Here Are The Easy 5 Ways To Introduce Yourself in a Job Interview

1 Prepare talking points beforehand. 

Recall past interviews and questions you were asked during them. Expect similar if not the same exact questions to be put to you now. Consider the exact position you’re applying for now and how that may effect the line of questioning. Prepare answers and talking points to address the following topics:

  • How your previous experience (whether it be other jobs, education, or volunteer programs) may have prepared you for this specific job.
  • What skills you have in general, but more specifically those that are strongest and those that are most relevant to the job at hand.
  • Instances where you’ve solved problems in the past that demonstrate your ability to succeed under stress.

2. Practice before your interview. 

Rehearse your talking points. Ask friend or family to role-play with you. Record yourself and play it back to identify any points that aren’t communicated clearly. If you find yourself forgetting key points, write a cheat sheet to study right up to the point you’re called in for your interview. Be careful not only of what you say, but how you say it and how you behave. Be mindful of your emotions and what impression you make on people.

3. Introduce yourself immediately. 

Once the interview begins, frame an introduction that instantly communicates exactly what you want your future employers to know about you right from the get-go. Set yourself apart from other candidates by painting a distinct picture of yourself in just a few words. When asked to “tell us about yourself,” reply with a brief description loaded with relevant, impressive facts. For example:
  • “I graduated fourth in my class, with honors, from Such-and-Such University.”
  • “I was a manager at Such-and-Such Company for x-number of years, where I was responsible for a staff of x-amount of people.”
  • “I’m a self-motivated freelance writer with credits in these publications . . .”
  • “I’m the president of my student body, for which I’ve organized these events and fundraisers . . .”

4. List your accomplishments. 

If possible, use examples of work-related feats you’ve pulled off that speak directly to the position you’re applying for. Otherwise, talk about achievements that you’re genuinely proud of from other areas of your life. Share the skills that you excel at, as well as the pride you take in your performance. For instance:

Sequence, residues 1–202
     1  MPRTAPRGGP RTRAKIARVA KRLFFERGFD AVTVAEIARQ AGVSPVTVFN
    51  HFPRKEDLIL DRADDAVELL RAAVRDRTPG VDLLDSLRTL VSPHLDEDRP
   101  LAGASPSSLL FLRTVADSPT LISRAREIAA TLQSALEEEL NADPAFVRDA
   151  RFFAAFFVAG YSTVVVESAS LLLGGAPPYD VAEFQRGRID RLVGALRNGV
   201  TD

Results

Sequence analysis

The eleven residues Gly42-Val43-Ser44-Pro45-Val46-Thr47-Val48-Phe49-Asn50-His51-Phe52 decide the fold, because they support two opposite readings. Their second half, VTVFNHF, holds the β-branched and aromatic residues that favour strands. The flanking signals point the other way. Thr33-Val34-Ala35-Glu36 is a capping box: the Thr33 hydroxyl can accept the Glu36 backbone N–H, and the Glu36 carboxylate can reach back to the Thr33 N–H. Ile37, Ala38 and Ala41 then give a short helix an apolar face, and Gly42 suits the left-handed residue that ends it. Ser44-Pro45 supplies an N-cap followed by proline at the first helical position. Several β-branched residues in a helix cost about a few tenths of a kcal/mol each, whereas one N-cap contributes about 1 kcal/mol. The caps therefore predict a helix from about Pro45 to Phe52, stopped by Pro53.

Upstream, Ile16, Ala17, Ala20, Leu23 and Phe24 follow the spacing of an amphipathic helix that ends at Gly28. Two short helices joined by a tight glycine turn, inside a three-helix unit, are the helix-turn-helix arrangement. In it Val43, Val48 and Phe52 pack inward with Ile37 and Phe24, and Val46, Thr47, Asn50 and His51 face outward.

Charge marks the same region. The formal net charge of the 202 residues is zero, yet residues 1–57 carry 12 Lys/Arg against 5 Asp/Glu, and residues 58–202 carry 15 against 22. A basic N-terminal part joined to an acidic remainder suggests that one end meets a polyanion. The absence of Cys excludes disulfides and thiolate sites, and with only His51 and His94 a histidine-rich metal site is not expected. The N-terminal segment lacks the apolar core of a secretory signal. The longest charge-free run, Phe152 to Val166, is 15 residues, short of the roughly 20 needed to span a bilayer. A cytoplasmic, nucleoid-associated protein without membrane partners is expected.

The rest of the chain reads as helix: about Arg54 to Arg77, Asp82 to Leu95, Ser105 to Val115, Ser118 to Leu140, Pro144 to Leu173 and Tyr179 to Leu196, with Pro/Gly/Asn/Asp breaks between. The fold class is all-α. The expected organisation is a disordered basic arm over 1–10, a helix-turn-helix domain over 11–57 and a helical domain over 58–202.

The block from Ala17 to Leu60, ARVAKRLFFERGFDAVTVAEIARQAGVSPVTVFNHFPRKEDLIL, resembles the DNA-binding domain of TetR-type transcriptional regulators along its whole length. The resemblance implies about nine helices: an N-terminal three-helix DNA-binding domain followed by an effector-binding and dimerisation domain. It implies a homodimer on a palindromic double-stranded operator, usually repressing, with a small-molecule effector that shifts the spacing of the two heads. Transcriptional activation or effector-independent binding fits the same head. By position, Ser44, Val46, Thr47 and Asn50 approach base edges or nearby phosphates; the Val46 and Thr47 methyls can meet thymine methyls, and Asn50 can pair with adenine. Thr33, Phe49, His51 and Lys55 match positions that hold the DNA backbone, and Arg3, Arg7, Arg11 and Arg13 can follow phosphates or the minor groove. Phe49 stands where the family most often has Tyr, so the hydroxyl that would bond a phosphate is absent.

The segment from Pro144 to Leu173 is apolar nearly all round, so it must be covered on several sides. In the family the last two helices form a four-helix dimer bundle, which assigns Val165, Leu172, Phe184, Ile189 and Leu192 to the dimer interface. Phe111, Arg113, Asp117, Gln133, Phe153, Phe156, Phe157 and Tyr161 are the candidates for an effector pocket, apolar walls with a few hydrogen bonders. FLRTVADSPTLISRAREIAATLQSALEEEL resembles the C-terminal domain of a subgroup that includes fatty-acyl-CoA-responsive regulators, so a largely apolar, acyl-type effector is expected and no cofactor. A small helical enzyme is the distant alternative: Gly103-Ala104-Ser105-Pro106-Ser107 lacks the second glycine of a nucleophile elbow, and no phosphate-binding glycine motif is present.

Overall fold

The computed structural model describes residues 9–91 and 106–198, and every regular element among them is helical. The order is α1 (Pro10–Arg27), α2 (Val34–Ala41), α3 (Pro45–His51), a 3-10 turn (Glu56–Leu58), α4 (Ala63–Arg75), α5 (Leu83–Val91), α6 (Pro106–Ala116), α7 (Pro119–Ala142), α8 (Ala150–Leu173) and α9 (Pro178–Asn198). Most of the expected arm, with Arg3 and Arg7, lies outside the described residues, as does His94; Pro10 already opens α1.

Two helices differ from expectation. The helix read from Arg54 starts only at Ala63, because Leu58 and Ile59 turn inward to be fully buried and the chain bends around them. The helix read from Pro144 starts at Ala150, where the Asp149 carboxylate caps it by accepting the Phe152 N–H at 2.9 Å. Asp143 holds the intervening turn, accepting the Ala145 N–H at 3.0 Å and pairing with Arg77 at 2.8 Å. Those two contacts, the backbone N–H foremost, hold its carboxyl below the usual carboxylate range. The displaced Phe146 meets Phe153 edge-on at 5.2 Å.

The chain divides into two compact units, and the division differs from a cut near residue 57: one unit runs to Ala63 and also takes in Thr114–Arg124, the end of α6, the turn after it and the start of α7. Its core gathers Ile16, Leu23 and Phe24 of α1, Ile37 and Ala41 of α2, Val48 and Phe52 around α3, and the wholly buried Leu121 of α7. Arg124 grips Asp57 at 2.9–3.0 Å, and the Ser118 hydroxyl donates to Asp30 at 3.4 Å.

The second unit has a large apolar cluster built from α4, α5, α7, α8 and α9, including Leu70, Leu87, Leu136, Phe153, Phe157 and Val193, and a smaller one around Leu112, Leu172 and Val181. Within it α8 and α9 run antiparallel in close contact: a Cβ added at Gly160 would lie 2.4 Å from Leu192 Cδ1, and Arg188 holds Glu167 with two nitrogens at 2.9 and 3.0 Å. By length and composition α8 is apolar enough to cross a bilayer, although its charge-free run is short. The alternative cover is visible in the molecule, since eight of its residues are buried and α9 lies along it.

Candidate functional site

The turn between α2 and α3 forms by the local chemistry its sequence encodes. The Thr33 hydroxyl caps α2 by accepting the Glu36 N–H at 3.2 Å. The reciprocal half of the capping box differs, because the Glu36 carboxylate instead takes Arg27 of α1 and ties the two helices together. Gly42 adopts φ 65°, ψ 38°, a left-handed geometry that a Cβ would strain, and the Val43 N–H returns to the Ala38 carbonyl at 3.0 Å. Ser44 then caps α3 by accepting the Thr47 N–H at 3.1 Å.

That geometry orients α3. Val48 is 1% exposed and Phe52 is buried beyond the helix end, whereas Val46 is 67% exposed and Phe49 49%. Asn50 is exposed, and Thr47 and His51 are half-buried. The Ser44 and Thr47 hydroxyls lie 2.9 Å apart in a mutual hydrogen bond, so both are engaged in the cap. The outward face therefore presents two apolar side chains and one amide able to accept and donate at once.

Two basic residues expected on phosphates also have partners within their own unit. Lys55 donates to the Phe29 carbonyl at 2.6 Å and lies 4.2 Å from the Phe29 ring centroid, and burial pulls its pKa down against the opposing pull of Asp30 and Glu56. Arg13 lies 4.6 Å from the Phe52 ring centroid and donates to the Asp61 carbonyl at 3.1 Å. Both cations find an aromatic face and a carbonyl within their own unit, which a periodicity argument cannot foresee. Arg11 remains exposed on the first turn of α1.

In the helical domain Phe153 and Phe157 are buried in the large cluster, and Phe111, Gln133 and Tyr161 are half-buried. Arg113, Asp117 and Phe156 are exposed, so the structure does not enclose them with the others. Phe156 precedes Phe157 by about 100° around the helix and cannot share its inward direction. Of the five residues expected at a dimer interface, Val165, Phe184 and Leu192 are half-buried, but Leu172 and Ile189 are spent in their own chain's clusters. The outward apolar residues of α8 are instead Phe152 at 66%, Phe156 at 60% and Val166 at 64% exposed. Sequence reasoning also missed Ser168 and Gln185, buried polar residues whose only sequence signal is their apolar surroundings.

• “I’m quick to identify areas that need improvement. At my former job, I implemented a new system for work-flow that increased our output despite a shrinking workforce and increasing workloads.”
  • “I’m a great multi-tasker. I went back to school and graduated at the top of my class while working full-time and raising a child as a single parent at the same time.”
  • “I take leadership roles very seriously. I’ve been the captain of my sports team for the last two years as well as the president of these school clubs.”

5. Set your own challenges. 

Consider the specific position you’re applying for. Tell the interviewer exactly what experience you hope to get out of it beyond a simple paycheck. If you’re truly passionate about the work you’ll be doing, share that passion. Even if you’re not passionate about it, tell them what you aim to achieve for your own personal satisfaction. Let them know why this job is so important to you, like:
  • “I care very deeply about the environment. Being able to participate in this outreach program and educate as many other people as possible about the dangers we face is extremely important to me.”
  • “I’m a voracious reader. I’m really excited about working in a bookstore, sharing recommendations with customers and colleagues, and expanding my own horizons.”
  • “I believe very strongly in giving back to the community, and although I wouldn’t be saving lives like a doctor or nurse, being able to help this hospital run as efficiently as possible in the kitchen would still be very fulfilling to me.”